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News / MP pledges no gap in emergency tug cover

Oil standby vessel Grampian Frontier could be contracted as early as Thursday to provide emergency tug cover for Scotland's northern waters.

THE CONTRACT for the replacement emergency towing vessel (ETV) for the northern isles is to be signed by the UK government before the end of the week, possibly as early as Thursday.

Orkney and Shetland MP Alistair Carmichael said he was unable to confirm reports the BP oil rig standby vessel Grampian Frontier was to stand in as an emergency tug when the coastguard ETV Anglian Sovereign goes permanently off station on Saturday night.

“Nothing has been signed yet,” Mr Carmichael said on Wednesday afternoon, adding philosophically that “nothing is agreed until everything is agreed”.

However he was adamant that the coalition government would not allow a gap in the cover during the handover from one tug to another.

Meanwhile sources from within the shipping industry have warned that contrary to assurances given at Wednesday’s council meeting, the Grampian Frontier might not be powerful enough to do the job expected of it.

Concerns have also been raised about the time it could take for the Grampian Frontier to be released from her charter west of Shetland to go on an urgent coastguard co-ordinated job.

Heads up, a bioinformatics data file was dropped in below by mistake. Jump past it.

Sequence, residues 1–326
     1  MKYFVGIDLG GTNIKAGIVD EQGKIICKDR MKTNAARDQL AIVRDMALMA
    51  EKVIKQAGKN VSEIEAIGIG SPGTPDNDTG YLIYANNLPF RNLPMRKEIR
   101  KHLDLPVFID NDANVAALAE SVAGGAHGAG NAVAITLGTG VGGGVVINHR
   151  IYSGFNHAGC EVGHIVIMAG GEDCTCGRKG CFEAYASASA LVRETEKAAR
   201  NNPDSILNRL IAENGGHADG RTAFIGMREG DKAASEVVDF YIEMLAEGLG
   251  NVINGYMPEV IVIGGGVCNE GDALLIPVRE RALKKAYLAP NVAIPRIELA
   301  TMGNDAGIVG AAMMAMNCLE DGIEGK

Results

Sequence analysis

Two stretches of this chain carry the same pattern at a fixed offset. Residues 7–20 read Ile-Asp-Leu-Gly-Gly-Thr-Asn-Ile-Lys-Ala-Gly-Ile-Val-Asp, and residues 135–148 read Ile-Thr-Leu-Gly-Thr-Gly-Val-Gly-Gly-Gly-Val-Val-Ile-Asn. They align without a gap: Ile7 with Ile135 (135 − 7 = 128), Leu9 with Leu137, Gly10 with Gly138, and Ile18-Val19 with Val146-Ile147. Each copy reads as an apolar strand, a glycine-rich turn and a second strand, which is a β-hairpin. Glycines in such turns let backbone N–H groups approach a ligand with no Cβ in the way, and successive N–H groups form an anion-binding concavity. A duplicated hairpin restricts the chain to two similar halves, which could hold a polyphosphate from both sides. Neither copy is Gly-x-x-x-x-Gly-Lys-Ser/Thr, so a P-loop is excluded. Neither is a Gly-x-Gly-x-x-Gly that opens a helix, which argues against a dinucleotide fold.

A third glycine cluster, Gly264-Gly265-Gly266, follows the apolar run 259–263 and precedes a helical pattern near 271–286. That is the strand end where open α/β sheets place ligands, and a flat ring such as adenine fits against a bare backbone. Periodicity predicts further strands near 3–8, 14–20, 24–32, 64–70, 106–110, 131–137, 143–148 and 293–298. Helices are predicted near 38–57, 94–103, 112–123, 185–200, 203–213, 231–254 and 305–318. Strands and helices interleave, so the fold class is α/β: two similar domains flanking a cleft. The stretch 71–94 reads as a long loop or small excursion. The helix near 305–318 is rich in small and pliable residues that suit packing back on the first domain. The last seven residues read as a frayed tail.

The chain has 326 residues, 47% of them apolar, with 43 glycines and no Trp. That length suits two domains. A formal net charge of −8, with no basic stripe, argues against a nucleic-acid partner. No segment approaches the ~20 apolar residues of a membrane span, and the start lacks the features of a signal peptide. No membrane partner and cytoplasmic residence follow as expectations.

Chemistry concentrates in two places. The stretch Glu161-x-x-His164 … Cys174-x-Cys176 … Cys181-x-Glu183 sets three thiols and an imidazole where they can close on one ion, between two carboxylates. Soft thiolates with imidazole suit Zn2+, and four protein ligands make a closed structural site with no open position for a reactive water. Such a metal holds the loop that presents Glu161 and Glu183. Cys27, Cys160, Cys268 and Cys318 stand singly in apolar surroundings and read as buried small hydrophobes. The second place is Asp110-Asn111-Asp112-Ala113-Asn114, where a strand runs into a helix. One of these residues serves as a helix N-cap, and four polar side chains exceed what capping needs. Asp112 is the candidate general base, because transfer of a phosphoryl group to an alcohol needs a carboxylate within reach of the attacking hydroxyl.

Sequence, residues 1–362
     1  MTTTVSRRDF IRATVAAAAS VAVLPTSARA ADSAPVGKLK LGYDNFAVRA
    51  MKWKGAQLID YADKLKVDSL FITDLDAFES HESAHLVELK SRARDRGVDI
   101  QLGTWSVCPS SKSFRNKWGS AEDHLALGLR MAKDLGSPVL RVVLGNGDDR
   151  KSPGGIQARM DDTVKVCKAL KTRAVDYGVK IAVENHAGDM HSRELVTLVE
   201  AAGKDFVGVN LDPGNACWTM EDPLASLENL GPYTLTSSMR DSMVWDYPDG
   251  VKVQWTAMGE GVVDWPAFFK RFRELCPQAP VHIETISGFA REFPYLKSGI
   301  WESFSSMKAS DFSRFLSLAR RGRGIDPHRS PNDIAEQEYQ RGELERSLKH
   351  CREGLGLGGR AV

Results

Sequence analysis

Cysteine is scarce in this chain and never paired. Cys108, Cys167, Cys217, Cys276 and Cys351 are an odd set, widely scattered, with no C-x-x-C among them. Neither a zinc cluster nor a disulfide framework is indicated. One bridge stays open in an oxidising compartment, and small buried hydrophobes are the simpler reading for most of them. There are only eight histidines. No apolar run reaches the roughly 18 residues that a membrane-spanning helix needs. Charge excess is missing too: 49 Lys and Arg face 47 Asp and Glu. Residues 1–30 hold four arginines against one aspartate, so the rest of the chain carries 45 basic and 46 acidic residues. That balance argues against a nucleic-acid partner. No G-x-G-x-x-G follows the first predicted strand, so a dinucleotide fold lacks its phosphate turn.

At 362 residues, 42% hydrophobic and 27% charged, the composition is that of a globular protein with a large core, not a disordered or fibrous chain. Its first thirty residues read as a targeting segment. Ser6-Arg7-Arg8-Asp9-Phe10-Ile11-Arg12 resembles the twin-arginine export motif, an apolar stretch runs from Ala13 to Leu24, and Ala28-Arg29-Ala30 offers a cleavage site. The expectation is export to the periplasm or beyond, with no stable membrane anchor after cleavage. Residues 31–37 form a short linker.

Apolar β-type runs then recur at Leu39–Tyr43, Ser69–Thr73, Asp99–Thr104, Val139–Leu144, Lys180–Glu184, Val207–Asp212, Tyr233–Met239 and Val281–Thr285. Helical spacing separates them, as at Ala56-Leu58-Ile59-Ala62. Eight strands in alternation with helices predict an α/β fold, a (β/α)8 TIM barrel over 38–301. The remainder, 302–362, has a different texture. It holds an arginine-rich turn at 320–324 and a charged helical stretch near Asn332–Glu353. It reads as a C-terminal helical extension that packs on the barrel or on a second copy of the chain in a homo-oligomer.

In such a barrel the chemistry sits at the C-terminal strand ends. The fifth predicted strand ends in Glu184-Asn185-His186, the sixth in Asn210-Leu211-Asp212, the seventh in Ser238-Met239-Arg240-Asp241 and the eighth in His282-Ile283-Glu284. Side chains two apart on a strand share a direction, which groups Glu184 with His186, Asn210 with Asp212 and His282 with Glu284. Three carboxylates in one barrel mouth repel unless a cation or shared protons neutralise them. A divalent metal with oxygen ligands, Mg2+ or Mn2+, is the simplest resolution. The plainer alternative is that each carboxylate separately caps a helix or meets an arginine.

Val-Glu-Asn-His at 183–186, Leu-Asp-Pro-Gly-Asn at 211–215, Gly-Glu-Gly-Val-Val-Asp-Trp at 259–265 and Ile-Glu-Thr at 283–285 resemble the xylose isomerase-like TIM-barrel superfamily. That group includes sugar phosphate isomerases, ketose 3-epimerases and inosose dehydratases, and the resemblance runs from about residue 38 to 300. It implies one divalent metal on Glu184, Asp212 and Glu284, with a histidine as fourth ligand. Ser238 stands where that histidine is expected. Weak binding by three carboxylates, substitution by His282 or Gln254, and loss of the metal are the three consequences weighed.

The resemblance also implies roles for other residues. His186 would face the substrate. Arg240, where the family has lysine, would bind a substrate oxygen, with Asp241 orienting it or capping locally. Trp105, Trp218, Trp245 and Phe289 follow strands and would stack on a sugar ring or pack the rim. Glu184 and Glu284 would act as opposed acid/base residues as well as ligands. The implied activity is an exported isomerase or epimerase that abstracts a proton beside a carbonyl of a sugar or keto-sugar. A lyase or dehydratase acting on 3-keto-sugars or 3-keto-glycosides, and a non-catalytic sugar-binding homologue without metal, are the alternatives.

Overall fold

It has emerged that at about 8,500 horsepower the Grampian Frontier, stationed in the Foinaven and Schiehallion oil fields, is just half as powerful as the current coastguard vessel.

The Anglian Sovereign has a reported bollard pull (the pulling force of a tug) of around 180 tonnes, while the Grampian Frontier has a bollard pull of 100 tonnes.

SIC harbourmaster Roger Moore responded that the Grampian Frontier could be “a potentially workable solution”.

He said: “A bollard pull of just over 100 tons is sufficient to do the job. Is it as powerful as the Anglian Sovereign? No! The Grampian Frontier is not a purpose built ETV, it is an emergency response and recovery vessel but it’s got the winches and the physical size.

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“Having said that its got a bigger bollard pull than some of the European emergency towing vessels.”

Captain Moore added that it was vital for the crew of the vessel to undergo sufficient training to be able to take on the new role.

An MCA table top exercise involving the new northern isles emergency tug has been confirmed for next week.

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